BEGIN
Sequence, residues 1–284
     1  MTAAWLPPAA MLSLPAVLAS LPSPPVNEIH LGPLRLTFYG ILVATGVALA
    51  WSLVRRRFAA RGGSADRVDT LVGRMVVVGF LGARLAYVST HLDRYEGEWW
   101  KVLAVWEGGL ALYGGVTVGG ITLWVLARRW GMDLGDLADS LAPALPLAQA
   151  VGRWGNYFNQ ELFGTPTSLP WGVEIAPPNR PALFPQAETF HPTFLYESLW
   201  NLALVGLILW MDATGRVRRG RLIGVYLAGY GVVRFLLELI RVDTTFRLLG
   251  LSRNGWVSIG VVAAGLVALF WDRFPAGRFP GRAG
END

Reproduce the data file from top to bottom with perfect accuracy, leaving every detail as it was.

Sequence, residues 1–284
     1  MTAAWLPPAA MLSLPAVLAS LPSPPVNEIH LGPLRLTFYG ILVATGVALA
    51  WSLVRRRFAA RGGSADRVDT LVGRMVVVGF LGARLAYVST HLDRYEGEWW
   101  KVLAVWEGGL ALYGGVTVGG ITLWVLARRW GMDLGDLADS LAPALPLAQA
   151  VGRWGNYFNQ ELFGTPTSLP WGVEIAPPNR PALFPQAETF HPTFLYESLW
   201  NLALVGLILW MDATGRVRRG RLIGVYLAGY GVVRFLLELI RVDTTFRLLG
   251  LSRNGWVSIG VVAAGLVALF WDRFPAGRFP GRAG